Of course, the CRTC previously ruled against zero-rating in a decision regarding Quebec-based regional carrier Videotron, arguing in favour of “a fair marketplace in which internet services providers compete on their own network elements (price, quality of service, speeds, data allowance and better service offerings), not by treating certain content differently.” However, the DWCC is currently in consultation with Canada’s telecom watchdog to try to determine if there might be some way to compromise on Canada’s zero-rating laws.

Granted, the DWCC doesn’t solely advocate for zero-rated services. Quite the contrary, the organization is also a staunch supporter of unlimited data buckets, believing that such an option would be especially beneficial to individuals who rely on data-intensive apps for communication.

However, none of Canada’s carriers offer unlimited data plans. Even carriers that claim to offer unlimited plans include provisions explaining that services will be throttled after subscribers consume a predetermined amount of data.“I’m not trying to compare in terms of America versus Canada, but in America, they do have data plans that honour deaf and hard of hearing individuals,” said Beatty.

Beatty referenced $55 USD plans that offer unlimited data specifically for individuals who are deaf or hard-of-hearing. “So why can’t we have the same thing here?” asked Beatty.

“We want one nationally accessible plan that deaf people can use specifically at a discounted price…that can meet our needs.” For their part, Canada’s carriers have taken some steps to attempt to make wireless services more accessible.

National carriers Telus and Bell both offer rate discounts for individuals with specific accessibility needs. MobileSyrup also reached out to Rogers, but the carrier did not respond to our request for an interview (as of December 28th, 2017, this article has been updated to reflect Rogers’ response, which can be found at the bottom of this story).

At Telus, individuals who are deaf, deafblind or hard-of-hearing can receive a $20 discount on their rate plans. The carrier also makes its client care line accessible through a teletypewriter and a video relay services.“Telus has a range of wireless devices that support a connection to a cellular-compatible [teletypewriter] through an audio jack connection that will connect to a mobile phone,” said a Telus spokesperson, in an email to MobileSyrup.

In comparison, Bell, not only has an entire call centre based in Ottawa dedicated to serving customers with accessibility needs, the carrier also offers discounts on rate plans while offering two Android devices that specifically cater to individuals who are low-vision. Bell also offers two additional gigabytes of data to any who self-identifies and provides evidence that they are individuals with accessibility needs. “It makes up for the fact, lets the example of someone who is speech impaired, they won’t be able to use a voice service, we provide this 2GB add-on as a substitute,” said Michael Widner, director of product management at Bell Mobility, in a phone interview with MobileSyrup. “It is an additional amount of data for customers who need to use video-calling and GPS wayfinding — things like that.”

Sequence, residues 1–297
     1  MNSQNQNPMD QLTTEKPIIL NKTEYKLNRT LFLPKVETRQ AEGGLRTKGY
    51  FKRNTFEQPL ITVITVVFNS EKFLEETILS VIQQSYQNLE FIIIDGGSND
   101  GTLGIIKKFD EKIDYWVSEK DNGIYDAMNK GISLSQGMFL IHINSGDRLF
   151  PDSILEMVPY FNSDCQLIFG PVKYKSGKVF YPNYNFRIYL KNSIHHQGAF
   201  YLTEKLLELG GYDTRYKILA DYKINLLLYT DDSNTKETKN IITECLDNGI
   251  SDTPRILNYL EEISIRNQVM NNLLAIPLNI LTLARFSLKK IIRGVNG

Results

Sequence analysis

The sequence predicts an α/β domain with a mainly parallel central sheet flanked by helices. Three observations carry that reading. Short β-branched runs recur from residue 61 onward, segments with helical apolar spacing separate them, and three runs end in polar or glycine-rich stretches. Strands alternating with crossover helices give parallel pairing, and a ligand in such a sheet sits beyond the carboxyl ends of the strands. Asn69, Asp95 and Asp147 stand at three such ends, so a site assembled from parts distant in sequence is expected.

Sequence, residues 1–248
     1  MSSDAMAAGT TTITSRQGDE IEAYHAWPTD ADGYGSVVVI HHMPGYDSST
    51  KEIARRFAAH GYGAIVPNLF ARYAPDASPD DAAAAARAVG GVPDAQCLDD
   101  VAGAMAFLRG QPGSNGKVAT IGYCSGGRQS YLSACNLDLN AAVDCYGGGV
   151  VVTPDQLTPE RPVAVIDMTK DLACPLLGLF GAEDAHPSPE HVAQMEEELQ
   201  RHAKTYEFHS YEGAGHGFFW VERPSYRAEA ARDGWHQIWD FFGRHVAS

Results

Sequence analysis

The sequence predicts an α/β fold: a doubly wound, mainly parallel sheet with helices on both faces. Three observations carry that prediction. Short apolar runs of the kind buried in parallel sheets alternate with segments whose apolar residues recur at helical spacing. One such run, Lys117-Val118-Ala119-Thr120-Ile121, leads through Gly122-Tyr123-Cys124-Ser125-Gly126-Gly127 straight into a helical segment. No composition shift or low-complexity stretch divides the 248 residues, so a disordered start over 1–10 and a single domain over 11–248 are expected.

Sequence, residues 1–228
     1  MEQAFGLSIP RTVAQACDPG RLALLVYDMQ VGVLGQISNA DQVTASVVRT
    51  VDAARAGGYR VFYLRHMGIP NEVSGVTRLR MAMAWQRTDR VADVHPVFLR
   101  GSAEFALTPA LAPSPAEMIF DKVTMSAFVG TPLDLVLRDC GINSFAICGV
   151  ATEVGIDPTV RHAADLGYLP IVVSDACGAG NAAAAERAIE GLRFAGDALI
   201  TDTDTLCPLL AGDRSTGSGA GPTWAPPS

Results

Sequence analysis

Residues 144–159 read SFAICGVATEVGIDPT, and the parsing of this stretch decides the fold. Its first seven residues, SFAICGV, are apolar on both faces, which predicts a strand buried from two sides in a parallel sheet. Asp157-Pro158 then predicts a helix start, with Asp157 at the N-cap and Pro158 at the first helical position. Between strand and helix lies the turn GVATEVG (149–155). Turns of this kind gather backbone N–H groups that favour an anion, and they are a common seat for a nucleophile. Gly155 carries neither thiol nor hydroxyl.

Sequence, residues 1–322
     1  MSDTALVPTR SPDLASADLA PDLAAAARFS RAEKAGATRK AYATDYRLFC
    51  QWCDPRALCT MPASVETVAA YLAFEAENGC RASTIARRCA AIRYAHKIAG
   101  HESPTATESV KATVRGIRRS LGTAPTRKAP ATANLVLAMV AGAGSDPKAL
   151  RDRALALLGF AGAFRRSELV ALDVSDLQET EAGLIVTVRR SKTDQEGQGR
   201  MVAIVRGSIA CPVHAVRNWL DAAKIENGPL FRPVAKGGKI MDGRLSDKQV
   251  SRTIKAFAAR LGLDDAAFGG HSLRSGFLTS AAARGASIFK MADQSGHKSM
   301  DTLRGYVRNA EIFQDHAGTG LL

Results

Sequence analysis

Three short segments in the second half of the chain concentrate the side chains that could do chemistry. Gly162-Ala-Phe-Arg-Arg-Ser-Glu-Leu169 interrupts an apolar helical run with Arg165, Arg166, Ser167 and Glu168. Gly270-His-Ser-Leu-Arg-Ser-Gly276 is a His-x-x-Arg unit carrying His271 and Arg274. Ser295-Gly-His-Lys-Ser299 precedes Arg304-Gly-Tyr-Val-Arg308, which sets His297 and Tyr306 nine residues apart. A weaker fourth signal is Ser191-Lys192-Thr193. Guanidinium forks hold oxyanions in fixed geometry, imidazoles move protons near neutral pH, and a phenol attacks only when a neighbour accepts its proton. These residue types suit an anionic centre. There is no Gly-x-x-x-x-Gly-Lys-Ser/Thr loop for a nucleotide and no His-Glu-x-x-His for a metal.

Additionally, Bell offers its customers a screen reader app that works with Android devices. “We call it the mobile accessibility app,” said Widner. Bell customers can download the app from the Google Play Store, and the carrier subsidizes the cost so that Android users can download the app for free.

“We obviously just limit it to customers who are with Bell,” said Widner. “We’re not offering it to our competitors, but that is at no cost to our customers.”

Nonetheless, McHugh explains that Canada’s wireless accessibility offerings still lag behind other developed countries — in spite of everything, she still pays about $85 CAD each month for her plan. “I  changed my plan recently, and I ended up getting it for $15 less,” says McHugh.

Technology is supposed to bring people together.

Update 28/12/2017: Rogers has responded and provided a list of services they offer individuals with accessibility needs. The national carrier offers message relay services, teletypewriter services, and also operates the Rogers Accessibility Service Centre (RASC). The RASC can be contacted by phone or by live chat, and allows customers to address their accessibility needs.

Read more at MobileSyrup.comDigitally inaccessible: A closer look at smartphone accessibility in Canada